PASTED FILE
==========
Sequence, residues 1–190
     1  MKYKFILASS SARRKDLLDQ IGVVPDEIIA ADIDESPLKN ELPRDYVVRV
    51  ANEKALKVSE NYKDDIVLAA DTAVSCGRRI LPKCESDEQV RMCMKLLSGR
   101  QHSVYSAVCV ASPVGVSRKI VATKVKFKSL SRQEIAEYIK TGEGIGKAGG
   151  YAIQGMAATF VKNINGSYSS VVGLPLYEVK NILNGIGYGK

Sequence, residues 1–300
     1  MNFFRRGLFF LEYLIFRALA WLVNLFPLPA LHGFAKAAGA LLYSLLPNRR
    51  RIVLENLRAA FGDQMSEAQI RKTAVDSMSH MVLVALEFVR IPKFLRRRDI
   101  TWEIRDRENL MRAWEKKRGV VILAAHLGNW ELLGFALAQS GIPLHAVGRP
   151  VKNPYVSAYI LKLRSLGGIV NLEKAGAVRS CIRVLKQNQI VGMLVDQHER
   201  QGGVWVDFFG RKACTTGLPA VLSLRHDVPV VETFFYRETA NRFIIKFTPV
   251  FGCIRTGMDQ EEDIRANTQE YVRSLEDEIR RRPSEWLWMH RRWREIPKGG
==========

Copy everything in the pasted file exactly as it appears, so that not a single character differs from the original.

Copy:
Sequence, residues 1–190
     1  MKYKFILASS SARRKDLLDQ IGVVPDEIIA ADIDESPLKN ELPRDYVVRV
    51  ANEKALKVSE NYKDDIVLAA DTAVSCGRRI LPKCESDEQV RMCMKLLSGR
   101  QHSVYSAVCV ASPVGVSRKI VATKVKFKSL SRQEIAEYIK TGEGIGKAGG
   151  YAIQGMAATF VKNINGSYSS VVGLPLYEVK NILNGIGYGK

Sequence, residues 1–300
     1  MNFFRRGLFF LEYLIFRALA WLVNLFPLPA LHGFAKAAGA LLYSLLPNRR
    51  RIVLENLRAA FGDQMSEAQI RKTAVDSMSH MVLVALEFVR IPKFLRRRDI
   101  TWEIRDRENL MRAWEKKRGV VILAAHLGNW ELLGFALAQS GIPLHAVGRP
   151  VKNPYVSAYI LKLRSLGGIV NLEKAGAVRS CIRVLKQNQI VGMLVDQHER
   201  QGGVWVDFFG RKACTTGLPA VLSLRHDVPV VETFFYRETA NRFIIKFTPV
   251  FGCIRTGMDQ EEDIRANTQE YVRSLEDEIR RRPSEWLWMH RRWREIPKGG